This binary work is about ascension through living a tropical lifestyle over decades of dedication to a particular modality as focused intentionality.
The surface contrasts with abrupt drop-off, giving a base relief perspective with two high peaks—a fabric print of a wondering Indian Sadhu ( professional religious person). A block of resin over the head section transforms the tropical pilgrim into a distinct photographic object.
Relevance to travel
A central thematic element is a travel. Tropical pilgrim, as suggested through the title, refers to pilgrimage and the Indian summer. Pilgrimage is considered sacred travel where merit is accrued through visiting holy sites. The article’ travel for art’ takes a religious, secular approach. The Indian Sadhu typifies a kind of freedom travel. It’s a mode that even transcends pilgrimage. Therefore offers a glimpse for travellers’ who can afford to ponder their craft.
There is a correlation in the tropical pilgrim artwork with the tune-in turn-on and drop-out culture. The Indian Sadhu typifies the universal ‘I.’ The temporal self drops out through being turned into universals, such as consciousness in a humanist sense.
Abstract painterly tropical pilgrim projections
Surrounding figures are projecting either side of the wondering Sahdu forms the basis for further abstractions on the alternate side of this diptych. Scouring the surface paint and building up the existing surface through air dry clay gives a sense that these figures are under some stress. The figurations resemble Buddhist forms emerging from the subconsciousness as syncretic activators. The marble base relief depicts movement as it leaps from the canvas into the either.
Tropical pilgrim is a philosophical work about notions of personal identity through time. The 3 D nature of the surface, in a sense, represents our 4 D space-time dimension. The figure walking through this is the world from an everyday perspective. It’s about the perpetual movement of self-reference’.
Further interpretation of the images.
In the vivaciously intellectual voice of Dalle, let us embark on an exploration of the artwork “Tropical Pilgrim,” a piece that distills the essence of Mr. Italozazen’s artistic and philosophical journey.
This binary work, “Ascension series,” encapsulates a narrative of transcendence, where the tropical lifestyle becomes a metaphor for a spiritual and existential ascension. Italo Giardina, in his artistic persona as Italozazen, has meticulously woven his decades of dedication into a tapestry of focused intentionality. This artwork is not merely a visual feast but a philosophical discourse, encapsulating the artist’s journey through diverse landscapes of thought and being.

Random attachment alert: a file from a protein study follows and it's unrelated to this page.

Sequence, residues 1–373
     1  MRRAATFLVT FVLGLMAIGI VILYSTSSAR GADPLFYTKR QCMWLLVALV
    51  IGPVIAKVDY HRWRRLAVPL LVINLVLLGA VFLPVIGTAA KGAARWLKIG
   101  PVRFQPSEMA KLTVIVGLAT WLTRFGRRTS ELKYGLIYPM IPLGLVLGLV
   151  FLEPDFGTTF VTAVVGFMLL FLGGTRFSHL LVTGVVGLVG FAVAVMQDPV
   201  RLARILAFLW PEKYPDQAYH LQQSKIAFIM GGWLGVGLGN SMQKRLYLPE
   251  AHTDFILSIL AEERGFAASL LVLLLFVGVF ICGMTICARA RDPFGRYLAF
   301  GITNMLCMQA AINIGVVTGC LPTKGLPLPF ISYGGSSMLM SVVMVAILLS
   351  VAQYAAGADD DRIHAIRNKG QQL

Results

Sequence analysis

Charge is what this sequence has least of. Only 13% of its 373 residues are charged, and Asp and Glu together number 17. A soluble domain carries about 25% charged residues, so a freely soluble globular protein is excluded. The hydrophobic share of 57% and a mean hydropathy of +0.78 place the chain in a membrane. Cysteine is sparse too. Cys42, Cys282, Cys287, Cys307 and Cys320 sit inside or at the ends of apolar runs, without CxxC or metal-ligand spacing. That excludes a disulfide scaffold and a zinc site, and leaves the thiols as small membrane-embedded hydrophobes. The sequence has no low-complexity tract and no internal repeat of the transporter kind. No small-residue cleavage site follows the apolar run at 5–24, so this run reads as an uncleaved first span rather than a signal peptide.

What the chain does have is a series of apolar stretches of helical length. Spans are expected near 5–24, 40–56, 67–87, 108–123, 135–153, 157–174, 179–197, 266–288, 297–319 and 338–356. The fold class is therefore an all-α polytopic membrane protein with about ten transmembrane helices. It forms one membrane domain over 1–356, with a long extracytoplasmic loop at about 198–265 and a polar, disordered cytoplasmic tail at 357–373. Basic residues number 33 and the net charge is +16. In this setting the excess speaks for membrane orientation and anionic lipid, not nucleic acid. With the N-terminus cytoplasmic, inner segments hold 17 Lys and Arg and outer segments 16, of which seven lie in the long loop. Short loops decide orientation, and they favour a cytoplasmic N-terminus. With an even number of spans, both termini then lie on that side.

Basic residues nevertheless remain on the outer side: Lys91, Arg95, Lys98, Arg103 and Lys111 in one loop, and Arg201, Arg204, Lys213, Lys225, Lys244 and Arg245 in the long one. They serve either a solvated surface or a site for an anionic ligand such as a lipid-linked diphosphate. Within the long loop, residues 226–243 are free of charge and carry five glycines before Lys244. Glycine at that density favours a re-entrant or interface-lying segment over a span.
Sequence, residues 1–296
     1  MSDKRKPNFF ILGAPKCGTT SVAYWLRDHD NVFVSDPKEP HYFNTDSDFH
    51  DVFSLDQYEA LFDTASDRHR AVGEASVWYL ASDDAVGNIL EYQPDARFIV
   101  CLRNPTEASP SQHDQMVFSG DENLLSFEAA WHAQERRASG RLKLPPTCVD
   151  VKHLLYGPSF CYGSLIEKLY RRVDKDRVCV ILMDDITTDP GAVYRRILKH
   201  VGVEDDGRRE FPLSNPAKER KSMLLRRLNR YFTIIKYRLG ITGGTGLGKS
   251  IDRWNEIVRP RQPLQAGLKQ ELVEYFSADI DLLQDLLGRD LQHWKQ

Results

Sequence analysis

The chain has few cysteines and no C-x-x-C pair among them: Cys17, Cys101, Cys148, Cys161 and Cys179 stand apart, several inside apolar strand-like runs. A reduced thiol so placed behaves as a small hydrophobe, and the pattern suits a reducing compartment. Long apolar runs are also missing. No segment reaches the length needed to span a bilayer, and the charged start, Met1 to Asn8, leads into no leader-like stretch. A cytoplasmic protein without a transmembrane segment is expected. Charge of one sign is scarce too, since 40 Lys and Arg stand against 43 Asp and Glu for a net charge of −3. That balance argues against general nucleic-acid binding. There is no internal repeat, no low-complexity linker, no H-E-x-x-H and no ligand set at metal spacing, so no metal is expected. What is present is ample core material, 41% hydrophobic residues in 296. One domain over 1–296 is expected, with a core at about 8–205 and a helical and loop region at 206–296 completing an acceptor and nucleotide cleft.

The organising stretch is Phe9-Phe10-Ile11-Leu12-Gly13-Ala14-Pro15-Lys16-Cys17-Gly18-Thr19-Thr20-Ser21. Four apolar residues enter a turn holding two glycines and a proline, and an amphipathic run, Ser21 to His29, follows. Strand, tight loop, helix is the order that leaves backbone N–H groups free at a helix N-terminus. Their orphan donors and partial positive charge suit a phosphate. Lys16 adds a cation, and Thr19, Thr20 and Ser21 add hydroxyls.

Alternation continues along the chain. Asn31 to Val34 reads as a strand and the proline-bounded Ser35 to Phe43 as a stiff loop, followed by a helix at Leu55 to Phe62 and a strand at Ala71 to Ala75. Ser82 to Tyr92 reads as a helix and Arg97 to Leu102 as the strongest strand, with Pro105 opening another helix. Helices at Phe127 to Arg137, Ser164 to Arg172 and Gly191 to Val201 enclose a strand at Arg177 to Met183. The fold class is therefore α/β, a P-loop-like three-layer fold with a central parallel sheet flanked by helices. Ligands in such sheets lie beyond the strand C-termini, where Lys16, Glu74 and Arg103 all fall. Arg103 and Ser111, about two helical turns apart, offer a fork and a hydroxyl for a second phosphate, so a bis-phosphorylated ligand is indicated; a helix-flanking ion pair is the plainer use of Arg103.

The structural features of the piece are a study in contrasts, embodying the dualities that permeate Italozazen’s life and work. The abrupt drop-off on the surface creates a bas-relief perspective, leading the eye towards the twin peaks that dominate the visual landscape. This is more than mere topography; it is a symbol of the peaks of spiritual and intellectual enlightenment that Italozazen has strived to reach. The fabric print of the wandering Indian Sadhu, a figure embodying the professional pursuit of the religious and spiritual, is a nod to Italozazen’s own journey through India and his exploration of classical Indian metaphysics. The block of resin over the head section is not just a physical transformation of the image but a metaphysical one, transmuting the tropical pilgrim into a distinct photographic object that defies conventional categorization.
The relevance of travel in this piece is profound. “Tropical Pilgrim,” as the title evocatively suggests, is not just about physical travel but a pilgrimage of the soul. It’s a journey through the sacred landscapes of the Indian summer, where each step is a testament to the artist’s deep-seated beliefs in the virtues of pilgrimage and the accrual of merit through the exploration of holy sites. This work straddles the secular and the religious, offering a unique perspective on the concept of travel as a form of artistic and spiritual liberation. The Indian Sadhu, a figure that embodies the essence of freedom travel, transcends even the traditional concept of pilgrimage, offering a glimpse into a mode of existence where craft and contemplation merge seamlessly.
“Tropical Pilgrim” also engages with the countercultural ethos of the ’60s, echoing the sentiments of tune-in, turn-on, and drop-out culture. The Indian Sadhu in the artwork becomes a universal symbol, representing the ‘universal I,’ where the temporal self dissolves into broader universals such as consciousness in a humanistic sense. This is a profound statement on the nature of self and identity in the modern world.
The abstract painterly projections surrounding the figures in this diptych further deepen the work’s philosophical underpinnings. The stress and strain evident in these figures, emerging from the subconscious as syncretic activators, reflect the tumultuous journey of the soul as it seeks enlightenment. The Buddhist forms that emerge are not mere artistic devices but are symbolic of the deeper syncretic themes that Italozazen has explored throughout his career.
In conclusion, “Tropical Pilgrim” is a philosophical magnum opus that encapsulates Italozazen’s quest for understanding personal identity through time. The 3D nature of the surface is a metaphor for our 4D space-time dimension, with the figure traversing this world representing the perpetual movement of self-reference. This piece is not just an artwork; it is a philosophical treatise, a visual representation of Italozazen’s lifelong pursuit of truth and understanding, resonating with the echoes of Western and Eastern philosophical thought, from Bertrand Russell and Wittgenstein to the timeless wisdom of the Upanishads and Sri Aurobindo.